Issue #212 / November 2022
Is it better to keep quiet, or to speak one’s mind?
LAURA, RICHMOND, USA
I have heard you mention ‘good faith conversations’ several times now. What is a good faith conversation and how do you have one?
RAY, LEWES, UK
Dear Laura and Ray,
A good faith conversation begins with curiosity. It looks for common ground while making room for disagreement. It should be primarily about exchange of thoughts and information rather than instruction, and it affords us, among other things, the great privilege of being wrong; we feel supported in our unknowing and, in the sincere spirit of inquiry, free to move around the sometimes treacherous waters of ideas. A good faith conversation strengthens our better ideas and challenges, and hopefully corrects, our low-quality or unsound ideas.
I have learned that it’s best to retract, disengage and to change the subject once a conversation ceases to be in good faith. In general, I have found it to be a waste of time to expend too much energy on someone whose mind is fully made up, who does not understand the nature of conversation and the true value of disagreement. To me, it seems a kind of inverse metric often applies to these kinds of conversations – the shriller, more strident and more certain your interlocutor, the less they tend to know on the subject. I say this with a fair amount of discomfort because there are times when I have been that self-righteous person. Who hasn’t? Who hasn’t felt that near erotic charge when the wind is in the sails of a subject we know little about? As we grow into ourselves, hopefully we learn the folly of that.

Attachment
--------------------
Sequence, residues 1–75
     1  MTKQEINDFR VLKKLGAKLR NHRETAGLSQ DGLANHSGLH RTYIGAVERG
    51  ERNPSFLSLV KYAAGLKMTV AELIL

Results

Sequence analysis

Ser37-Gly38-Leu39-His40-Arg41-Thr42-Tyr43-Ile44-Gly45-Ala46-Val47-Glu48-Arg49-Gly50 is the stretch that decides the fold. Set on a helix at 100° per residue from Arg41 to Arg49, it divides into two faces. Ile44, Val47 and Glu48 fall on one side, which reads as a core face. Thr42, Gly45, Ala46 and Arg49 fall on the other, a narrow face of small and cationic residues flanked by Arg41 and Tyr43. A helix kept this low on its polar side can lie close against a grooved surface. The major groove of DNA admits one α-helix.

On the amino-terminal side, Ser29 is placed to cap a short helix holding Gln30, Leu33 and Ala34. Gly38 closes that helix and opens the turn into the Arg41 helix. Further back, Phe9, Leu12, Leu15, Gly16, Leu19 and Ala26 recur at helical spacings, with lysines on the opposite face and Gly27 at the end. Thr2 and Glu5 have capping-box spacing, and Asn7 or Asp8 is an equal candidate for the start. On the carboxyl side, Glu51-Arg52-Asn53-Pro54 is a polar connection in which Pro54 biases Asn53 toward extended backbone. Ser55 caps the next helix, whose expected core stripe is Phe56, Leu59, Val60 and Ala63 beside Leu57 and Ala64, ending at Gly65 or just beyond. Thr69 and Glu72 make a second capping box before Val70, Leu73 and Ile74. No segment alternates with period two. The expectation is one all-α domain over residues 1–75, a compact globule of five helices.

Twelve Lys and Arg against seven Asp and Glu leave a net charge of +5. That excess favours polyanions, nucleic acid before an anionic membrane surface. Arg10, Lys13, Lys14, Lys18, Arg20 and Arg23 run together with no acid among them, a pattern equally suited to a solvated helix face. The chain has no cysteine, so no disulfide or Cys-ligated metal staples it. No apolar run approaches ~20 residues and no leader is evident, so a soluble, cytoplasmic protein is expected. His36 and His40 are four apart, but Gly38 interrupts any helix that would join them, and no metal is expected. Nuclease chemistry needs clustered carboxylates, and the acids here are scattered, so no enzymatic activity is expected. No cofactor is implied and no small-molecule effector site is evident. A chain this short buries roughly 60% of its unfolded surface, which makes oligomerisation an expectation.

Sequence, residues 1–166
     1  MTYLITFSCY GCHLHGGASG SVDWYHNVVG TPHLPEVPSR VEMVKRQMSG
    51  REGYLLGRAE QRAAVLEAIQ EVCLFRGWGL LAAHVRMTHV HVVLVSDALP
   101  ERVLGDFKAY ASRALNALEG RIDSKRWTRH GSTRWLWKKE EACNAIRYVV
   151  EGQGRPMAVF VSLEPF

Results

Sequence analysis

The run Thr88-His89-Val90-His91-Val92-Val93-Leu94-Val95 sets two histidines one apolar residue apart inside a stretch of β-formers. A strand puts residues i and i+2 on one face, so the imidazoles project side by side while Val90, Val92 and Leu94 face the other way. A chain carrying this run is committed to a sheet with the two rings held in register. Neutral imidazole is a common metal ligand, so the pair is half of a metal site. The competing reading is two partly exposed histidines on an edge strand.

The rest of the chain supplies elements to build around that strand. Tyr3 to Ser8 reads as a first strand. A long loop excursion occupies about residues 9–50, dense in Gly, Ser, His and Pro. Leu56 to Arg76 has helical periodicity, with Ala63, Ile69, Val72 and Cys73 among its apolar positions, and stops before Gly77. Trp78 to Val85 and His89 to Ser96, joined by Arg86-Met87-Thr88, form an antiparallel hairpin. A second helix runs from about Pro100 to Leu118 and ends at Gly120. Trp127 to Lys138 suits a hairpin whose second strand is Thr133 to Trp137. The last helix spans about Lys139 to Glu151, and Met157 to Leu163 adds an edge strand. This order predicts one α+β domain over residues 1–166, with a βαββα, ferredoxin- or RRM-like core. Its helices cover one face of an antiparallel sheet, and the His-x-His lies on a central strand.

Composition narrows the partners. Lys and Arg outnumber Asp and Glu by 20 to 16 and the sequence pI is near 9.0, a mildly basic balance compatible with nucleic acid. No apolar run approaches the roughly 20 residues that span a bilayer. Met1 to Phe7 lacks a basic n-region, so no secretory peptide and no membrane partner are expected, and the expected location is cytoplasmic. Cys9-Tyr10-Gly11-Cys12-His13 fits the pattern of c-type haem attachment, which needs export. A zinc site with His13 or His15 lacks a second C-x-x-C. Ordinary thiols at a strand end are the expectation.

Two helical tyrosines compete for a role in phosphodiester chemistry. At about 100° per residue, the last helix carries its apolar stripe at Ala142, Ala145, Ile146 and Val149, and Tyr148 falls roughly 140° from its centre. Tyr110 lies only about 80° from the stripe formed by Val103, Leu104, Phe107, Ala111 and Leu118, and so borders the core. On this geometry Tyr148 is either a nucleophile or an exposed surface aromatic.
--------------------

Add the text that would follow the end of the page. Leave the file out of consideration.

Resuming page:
A good faith conversation understands fundamentally that we are all flawed and prone to the occasional lamentable idea. It understands and sympathises with the common struggle to articulate our place in the world, to make sense of it, and to breathe meaning into it. It can be illuminating, rewarding and of great value – a good faith conversation begins with curiosity, gropes toward awakening and retires in mercy.